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Shire PLC awards $25,000 grant for Quincy College 2016 Biotech Cohort

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May 06, 2016
Quincy, MA (4/20/16) - Shire has donated a $25,000 grant to support Quincy College's Biotechnology and Compliance (BTC) Program and the Jewish Vocational Services (JVS) Bridges to College program in Biotechnology, which builds a science and math foundation for students to enroll in Quincy College's BTC Certificate program.
JVS provides students with pre-college courses in science and math designed specifically for application in Quincy's 9-month Biotechnology & Compliance Certificate Program. The $25,000 Shire donation will support the JVS Bridges to College program.
"Our close relationship with Shire and our other industry partners has allowed us to create an educational pipeline that supports fundamental biomanufacturing skills, continued innovation in the field, and utilization of cutting edge technology and good manufacturing practices. This financial donation along with donations of equipment and supplies is a reflection of a great partnership between education and industry. Quincy College is fulfilling a need in the industry for not only qualified entry-level professionals but also supporting industry professionals with specialized and customized training. Quincy College's state-of-the-art biomanufacturing facility is uniquely positioned to support skill development for the Biotech industry," Bruce Van Dyke, Chair of the Biotechnology and Compliance Department at Quincy College.
There are many examples of the strong workforce development partnership between Quincy College and Shire, which reflect the benefits of industry and academic collaboration.  
Shire employee Ed Golloshi, Manufacturing Cell Culture Supervisor, is an Adjunct Professor at Quincy College, teaching a course for the BTC program. He has been with Shire for over 6 years bringing industry experience to the classroom.
Another great example of industry and academic collaboration is Shire employee Courtney Hewett, Operations Project Manager, who volunteers her time to contribute her expertise on Quincy College's Biotechnology and Compliance Curriculum committee which works to review and update curriculum to stay current with industry standards.  Courtney has been in the industry for ten years, eight of which are with Shire.  While visiting the Quincy College Biotechnology and Compliance facilities, Courtney recognized the potential for a short program focusing on the AKTA purification system that would fulfill a need for training at Shire.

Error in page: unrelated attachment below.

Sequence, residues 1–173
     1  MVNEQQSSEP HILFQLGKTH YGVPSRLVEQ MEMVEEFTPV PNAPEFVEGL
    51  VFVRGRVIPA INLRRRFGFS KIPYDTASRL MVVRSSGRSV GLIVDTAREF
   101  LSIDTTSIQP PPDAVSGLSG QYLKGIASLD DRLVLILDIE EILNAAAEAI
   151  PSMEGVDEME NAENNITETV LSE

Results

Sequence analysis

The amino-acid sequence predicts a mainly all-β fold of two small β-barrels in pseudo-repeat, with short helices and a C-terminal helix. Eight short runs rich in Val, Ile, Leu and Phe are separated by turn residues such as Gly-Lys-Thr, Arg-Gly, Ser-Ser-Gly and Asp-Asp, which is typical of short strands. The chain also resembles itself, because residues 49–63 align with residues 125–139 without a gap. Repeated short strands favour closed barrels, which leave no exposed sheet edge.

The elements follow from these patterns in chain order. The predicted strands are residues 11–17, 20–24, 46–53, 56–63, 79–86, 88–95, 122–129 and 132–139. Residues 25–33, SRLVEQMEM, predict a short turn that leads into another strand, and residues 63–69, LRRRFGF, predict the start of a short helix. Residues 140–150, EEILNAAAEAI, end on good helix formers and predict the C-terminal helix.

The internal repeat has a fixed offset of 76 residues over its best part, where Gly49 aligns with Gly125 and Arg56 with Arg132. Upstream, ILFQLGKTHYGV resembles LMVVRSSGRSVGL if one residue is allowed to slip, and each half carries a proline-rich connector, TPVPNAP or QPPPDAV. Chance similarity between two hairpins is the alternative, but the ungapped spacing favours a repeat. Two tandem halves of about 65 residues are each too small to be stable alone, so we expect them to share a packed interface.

Quincy College Biotechnology and Compliance Program graduates have found success at Shire as well. Alex Wilson, a graduate of the BTC program, is a Manufacturing Technician II at Shire.  He grew up in Dorchester, enrolled in a 4 year college and part-way through realized it wasn't for him.  That's when he discovered Quincy College.  He has been at Shire for 3 years now.
Sophanarith (Sop) Am graduated from the BTC program in 2014.  Sop grew up in Chelsea and initially pursued a certificate in IT.  He landed a job at a large company as a System Administer.  Unfortunately, IT was eventually outsourced and he lost his job. Instead of applying for another IT job, Sop changed career paths and decided to attend Quincy College after hearing about the booming Biotech industry.  Two years later, he completed the program and began work in the biotech industry.
"A highly trained and skilled workforce is essential to Shire and is one of the reasons Shire has located our US Operational Headquarters in Massachusetts," said Pat Sacco, Shire's head of Internal Manufacturing. "While Massachusetts has a talented pool of workers, we believe it is important to partner with educational institutions and workforce development non-profits to ensure that students are acquiring  the specialized skills needed in an ever changing biotech industry.  We are proud of the relationship that we have with Quincy College and the Shire employees that have come through their program."
"Quincy College and Shire are creating a dedicated pipeline of skilled biomanufacturing workers in response to industry demand. Together, we are positively impacting the career trajectory of many who currently work in the biotechnology industry, who are considering this career path, and many of whom have gone on to work in other biotech companies throughout the Commonwealth. The continued generosity of Shire has ensured that we will continue to develop a successful biotechnology workforce." continued Bruce Van Dyke, Chair of the Quincy College program.  
For more information about the Quincy College Biotechnology and Compliance program, please visit: www.quincycollege.edu/btc.
Katy Johnson